Psychotherapy is a process of discovery and liberation. It helps you understand yourself and your relationships better. It encourages you to be who you are now, not who you once had to be. It helps you become more instinctive and confident in your decisions, and less likely to be pulled this way and that by other people.

No-one is 100% free. We all have to pay the bills and rub along with difficult people. But inner wellbeing comes from being as true to ourselves as we possibly can.

If we are living to please others, or fit in, or to be something we were conditioned to be, then the psychological strain can lead to physical and emotional dysfunctions. When these phenomena persist for a long time they develop into more or less fixed states, and malaise becomes habitual and ‘normal’. They can be expressed through depression; anxiety; psychosomatic illnesses; impulsiveness; passivity; feeling ‘stuck’ or making poor choices in life.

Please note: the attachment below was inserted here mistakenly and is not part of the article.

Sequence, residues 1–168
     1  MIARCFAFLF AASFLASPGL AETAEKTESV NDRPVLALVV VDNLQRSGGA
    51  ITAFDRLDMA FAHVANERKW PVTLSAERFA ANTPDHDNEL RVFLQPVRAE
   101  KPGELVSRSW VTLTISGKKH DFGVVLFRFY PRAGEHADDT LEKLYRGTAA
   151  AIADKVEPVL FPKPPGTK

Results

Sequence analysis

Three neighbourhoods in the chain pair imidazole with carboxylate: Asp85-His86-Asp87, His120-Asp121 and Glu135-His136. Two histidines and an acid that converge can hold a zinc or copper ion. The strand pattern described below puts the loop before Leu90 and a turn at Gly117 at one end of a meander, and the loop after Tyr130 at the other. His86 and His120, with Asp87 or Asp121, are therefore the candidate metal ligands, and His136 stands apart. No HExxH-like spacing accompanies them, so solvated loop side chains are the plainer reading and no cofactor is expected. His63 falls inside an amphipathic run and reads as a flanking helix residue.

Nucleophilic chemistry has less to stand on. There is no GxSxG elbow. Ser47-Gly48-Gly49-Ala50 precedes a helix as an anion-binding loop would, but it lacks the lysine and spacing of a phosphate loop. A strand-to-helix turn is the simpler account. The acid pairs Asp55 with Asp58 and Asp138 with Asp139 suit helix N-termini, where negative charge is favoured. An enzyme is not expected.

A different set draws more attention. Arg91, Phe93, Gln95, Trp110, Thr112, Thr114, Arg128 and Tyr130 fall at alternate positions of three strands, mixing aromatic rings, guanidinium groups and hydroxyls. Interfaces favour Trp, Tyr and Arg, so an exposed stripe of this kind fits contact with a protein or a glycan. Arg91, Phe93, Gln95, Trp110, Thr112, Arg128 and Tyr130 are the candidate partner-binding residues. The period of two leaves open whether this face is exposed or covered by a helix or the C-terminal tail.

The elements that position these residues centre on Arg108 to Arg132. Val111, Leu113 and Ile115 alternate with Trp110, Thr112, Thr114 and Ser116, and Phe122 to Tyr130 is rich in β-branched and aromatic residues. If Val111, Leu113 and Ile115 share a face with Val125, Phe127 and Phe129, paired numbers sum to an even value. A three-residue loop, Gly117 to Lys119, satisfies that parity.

Psychotherapy is a confidential, non-judgmental space in which therapist and client work together with honesty and compassion. It is not always easy; but it is a place to make peace with the past, deal with the present and explore the future you want.


Psychotherapy sessions take place weekly. Some people come for a few months to help them through a critical phase. Others appreciate the opportunity to delve deeper into themselves and their relationships and may stay for several years. I strongly discourage dependency on therapy – the whole point is to help you become more autonomous – but regularity and commitment are important.